n. (名詞 noun)【俚】
1. 有力的反駁 (或警句等)
1. a quick, witty, or pointed
or retort: During the debate she made a couple of zingers that deflated the opposition.
2. a surprise, shock, or piece of electrifying news: The President's resignation was a real zinger.
3. a person or thing that has vitality or animation or produces startling results.
It treats the characters like cute little performing seals--who always deliver their "retarded" dialogue with perfect timing and an edge of irony and drama.
Their zingers slide out with the precision of sitcom punch lines.
An unnamed man and woman in their late 30s meet at the New York hotel ballroom wedding of the man's sister. As she (Bonham Carter) chain-smokes and he (Eckhart) chain-drinks, innuendos and witticisms [roll] out of their mouths, and they circle one another like cats;
they both appear pretty good at their games -- she at simultaneously warding off and attracting male attention with British-accented zingers, he at coming at a woman from so many different angles that his relentlessness is finally irresistible.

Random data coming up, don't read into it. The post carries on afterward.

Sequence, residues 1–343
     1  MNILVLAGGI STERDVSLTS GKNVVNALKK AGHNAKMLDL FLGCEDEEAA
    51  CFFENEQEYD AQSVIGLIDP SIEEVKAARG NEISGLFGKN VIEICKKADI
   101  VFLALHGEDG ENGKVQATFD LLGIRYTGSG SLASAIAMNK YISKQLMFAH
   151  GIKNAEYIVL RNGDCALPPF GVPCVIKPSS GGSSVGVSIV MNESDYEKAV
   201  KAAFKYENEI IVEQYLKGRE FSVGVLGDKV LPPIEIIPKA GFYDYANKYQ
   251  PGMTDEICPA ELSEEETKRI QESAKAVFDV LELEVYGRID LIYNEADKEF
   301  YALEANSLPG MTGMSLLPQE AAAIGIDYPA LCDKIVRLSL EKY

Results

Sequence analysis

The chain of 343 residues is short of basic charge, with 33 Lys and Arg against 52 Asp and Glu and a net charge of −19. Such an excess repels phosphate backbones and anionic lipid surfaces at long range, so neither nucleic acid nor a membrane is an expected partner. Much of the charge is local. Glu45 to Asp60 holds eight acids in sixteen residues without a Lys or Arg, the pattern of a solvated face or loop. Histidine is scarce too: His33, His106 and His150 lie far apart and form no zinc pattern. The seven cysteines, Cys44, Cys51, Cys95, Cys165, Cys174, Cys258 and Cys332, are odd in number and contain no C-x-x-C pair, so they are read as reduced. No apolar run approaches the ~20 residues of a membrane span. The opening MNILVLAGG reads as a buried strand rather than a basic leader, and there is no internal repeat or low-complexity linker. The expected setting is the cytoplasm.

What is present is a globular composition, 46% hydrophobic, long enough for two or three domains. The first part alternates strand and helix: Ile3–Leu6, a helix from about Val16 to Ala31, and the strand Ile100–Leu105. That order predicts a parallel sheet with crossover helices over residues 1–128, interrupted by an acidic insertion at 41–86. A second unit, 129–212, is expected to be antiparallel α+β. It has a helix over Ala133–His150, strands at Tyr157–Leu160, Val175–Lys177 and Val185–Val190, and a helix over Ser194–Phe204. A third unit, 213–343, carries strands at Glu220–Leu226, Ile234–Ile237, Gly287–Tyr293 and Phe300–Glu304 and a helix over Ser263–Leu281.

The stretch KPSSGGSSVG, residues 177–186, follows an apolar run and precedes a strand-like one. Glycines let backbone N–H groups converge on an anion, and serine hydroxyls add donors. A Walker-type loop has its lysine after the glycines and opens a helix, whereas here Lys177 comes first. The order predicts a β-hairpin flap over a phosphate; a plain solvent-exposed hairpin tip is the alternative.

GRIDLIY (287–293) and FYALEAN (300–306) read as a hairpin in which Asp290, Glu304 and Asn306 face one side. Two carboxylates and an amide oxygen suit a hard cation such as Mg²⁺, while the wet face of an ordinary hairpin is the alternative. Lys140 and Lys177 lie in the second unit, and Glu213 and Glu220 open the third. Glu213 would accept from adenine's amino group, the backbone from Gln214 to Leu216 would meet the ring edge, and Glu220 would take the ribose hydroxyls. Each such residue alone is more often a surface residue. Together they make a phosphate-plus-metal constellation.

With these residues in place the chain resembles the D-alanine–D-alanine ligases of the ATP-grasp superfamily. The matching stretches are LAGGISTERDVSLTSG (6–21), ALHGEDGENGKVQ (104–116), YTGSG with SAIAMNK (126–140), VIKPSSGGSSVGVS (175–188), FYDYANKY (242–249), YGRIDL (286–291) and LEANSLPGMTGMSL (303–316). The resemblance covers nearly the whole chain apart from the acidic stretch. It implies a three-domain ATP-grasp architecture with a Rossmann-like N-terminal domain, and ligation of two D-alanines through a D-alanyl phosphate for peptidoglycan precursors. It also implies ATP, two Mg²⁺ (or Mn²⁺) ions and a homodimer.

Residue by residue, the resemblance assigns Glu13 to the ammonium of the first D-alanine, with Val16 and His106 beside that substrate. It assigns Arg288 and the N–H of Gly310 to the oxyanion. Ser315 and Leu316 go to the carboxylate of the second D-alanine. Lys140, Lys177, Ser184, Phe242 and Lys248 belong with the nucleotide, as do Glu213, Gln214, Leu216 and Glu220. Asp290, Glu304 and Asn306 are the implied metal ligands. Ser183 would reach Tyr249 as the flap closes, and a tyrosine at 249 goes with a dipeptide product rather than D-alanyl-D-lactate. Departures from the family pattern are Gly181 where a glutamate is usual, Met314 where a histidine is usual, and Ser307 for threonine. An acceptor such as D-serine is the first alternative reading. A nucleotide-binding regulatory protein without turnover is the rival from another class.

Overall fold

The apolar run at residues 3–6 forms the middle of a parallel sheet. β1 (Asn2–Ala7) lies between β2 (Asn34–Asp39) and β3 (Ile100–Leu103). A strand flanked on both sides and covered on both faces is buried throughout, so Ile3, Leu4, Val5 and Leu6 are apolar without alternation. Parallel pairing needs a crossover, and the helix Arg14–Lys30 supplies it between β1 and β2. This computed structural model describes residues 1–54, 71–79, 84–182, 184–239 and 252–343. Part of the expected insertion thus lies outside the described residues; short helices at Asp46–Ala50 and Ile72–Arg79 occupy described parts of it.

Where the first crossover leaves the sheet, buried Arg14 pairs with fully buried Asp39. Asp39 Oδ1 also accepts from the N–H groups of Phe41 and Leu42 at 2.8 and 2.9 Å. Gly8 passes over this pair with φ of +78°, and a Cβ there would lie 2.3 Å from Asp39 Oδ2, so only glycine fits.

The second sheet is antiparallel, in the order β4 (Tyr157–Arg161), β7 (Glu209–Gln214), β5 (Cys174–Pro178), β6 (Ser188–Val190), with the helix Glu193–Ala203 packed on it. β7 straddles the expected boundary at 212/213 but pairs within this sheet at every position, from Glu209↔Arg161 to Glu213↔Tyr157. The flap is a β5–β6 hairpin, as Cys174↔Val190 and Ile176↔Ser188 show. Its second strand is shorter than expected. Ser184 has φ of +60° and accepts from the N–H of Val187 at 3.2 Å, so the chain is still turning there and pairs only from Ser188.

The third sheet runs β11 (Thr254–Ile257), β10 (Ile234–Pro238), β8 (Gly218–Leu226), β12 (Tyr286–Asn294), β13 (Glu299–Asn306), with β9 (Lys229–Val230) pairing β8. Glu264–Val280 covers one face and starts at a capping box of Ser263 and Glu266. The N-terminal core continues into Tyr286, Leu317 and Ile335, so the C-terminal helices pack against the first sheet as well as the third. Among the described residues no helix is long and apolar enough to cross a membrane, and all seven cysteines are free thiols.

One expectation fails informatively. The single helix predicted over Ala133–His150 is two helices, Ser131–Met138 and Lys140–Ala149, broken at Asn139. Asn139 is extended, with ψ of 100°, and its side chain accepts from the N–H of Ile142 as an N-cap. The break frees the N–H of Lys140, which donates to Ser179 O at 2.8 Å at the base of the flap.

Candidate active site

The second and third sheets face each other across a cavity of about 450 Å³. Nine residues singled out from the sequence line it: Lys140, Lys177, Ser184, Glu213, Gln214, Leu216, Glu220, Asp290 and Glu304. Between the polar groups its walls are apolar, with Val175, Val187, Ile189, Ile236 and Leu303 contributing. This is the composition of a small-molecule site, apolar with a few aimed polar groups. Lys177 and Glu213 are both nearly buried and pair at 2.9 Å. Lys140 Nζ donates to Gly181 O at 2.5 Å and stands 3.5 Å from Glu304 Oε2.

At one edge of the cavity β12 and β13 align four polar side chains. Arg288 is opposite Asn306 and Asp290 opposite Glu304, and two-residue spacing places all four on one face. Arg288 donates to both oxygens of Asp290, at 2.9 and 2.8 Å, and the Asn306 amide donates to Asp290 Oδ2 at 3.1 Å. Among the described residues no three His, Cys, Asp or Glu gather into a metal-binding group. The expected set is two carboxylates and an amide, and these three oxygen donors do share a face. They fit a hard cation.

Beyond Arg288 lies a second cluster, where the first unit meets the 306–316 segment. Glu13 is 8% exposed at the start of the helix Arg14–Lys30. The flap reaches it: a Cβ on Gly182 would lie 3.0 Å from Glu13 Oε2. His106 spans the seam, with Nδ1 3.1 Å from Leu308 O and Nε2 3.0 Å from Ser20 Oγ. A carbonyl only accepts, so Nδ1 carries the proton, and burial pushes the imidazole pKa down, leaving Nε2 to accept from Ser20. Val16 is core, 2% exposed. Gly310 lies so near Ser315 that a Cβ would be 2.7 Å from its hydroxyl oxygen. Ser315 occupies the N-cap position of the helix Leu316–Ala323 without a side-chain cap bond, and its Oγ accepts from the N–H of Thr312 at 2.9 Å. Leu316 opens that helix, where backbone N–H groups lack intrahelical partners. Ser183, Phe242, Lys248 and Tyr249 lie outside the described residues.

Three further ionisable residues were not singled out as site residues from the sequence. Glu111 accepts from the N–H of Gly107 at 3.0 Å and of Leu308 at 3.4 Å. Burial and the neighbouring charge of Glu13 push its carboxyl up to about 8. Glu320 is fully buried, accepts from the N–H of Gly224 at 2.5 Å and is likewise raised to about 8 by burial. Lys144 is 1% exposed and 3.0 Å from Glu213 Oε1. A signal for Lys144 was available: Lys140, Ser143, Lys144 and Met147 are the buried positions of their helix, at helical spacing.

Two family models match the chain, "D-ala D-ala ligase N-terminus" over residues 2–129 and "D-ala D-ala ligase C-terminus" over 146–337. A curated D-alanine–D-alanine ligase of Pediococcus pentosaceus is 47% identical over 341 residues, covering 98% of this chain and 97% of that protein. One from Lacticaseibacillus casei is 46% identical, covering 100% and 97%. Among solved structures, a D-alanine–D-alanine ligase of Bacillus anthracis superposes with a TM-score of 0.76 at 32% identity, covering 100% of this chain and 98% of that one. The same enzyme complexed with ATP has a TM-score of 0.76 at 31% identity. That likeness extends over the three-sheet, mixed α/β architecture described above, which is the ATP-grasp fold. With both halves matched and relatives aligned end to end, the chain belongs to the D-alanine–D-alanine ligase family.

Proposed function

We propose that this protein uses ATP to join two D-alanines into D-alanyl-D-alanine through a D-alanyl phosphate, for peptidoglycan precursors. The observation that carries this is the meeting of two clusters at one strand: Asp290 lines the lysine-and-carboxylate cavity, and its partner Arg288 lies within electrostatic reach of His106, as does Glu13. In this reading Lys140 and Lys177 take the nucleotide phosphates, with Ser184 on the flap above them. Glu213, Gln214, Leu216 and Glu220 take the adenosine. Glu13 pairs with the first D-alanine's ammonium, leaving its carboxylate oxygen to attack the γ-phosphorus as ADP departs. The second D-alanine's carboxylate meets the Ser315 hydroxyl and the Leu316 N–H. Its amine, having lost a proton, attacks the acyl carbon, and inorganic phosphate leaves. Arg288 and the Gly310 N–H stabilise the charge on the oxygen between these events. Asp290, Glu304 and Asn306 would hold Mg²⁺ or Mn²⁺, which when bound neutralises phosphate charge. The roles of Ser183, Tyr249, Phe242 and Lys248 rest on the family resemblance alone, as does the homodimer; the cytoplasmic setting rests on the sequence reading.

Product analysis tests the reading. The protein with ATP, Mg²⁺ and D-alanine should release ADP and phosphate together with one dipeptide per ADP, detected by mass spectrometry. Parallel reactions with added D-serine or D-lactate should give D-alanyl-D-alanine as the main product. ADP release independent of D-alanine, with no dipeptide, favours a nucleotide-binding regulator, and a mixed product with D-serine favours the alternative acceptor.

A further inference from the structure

Miranda, flabbergast[ed], denies any knowledge of such events,
They [stood] aghast at the sight of the plane crashing.
does anyone remember when Brolin was still cavorting [around] in films like Hollow Man? I do *shudder*
Haneke seemed to suggest that recent cinema has cheapened such [slaking] of emotion into a near-pornographic fake: we are crazed and cheered by [shuddering] events that have no authentic claim upon our feelings.
The details of that tragedy are too [lurid] to mention
And usually the laughs are [grisly]; we [wince] at the same time.
that he causes a [grisly] limb-severing accident.
he later lands jobs as a police photographer—his crime-scene snaps a [grisly] parody of his youthful [shutterbug] enthusiasms—and as a suspect-stomping cop.
a stupendous [mass] of information.
Terrence Malick aims for a kind of psychological realism through poetics in this [stupendous] reexamination of the Pocahontas myth.